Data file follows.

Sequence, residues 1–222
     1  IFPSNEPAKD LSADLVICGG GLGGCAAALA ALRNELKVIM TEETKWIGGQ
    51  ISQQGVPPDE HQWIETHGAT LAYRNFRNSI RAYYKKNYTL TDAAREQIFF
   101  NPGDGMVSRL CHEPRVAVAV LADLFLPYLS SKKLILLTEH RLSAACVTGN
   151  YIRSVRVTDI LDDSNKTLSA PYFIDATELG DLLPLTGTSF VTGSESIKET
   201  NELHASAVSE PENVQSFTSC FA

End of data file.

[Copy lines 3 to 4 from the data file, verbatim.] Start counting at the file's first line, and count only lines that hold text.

    51  ISQQGVPPDE HQWIETHGAT LAYRNFRNSI RAYYKKNYTL TDAAREQIFF
   101  NPGDGMVSRL CHEPRVAVAV LADLFLPYLS SKKLILLTEH RLSAACVTGN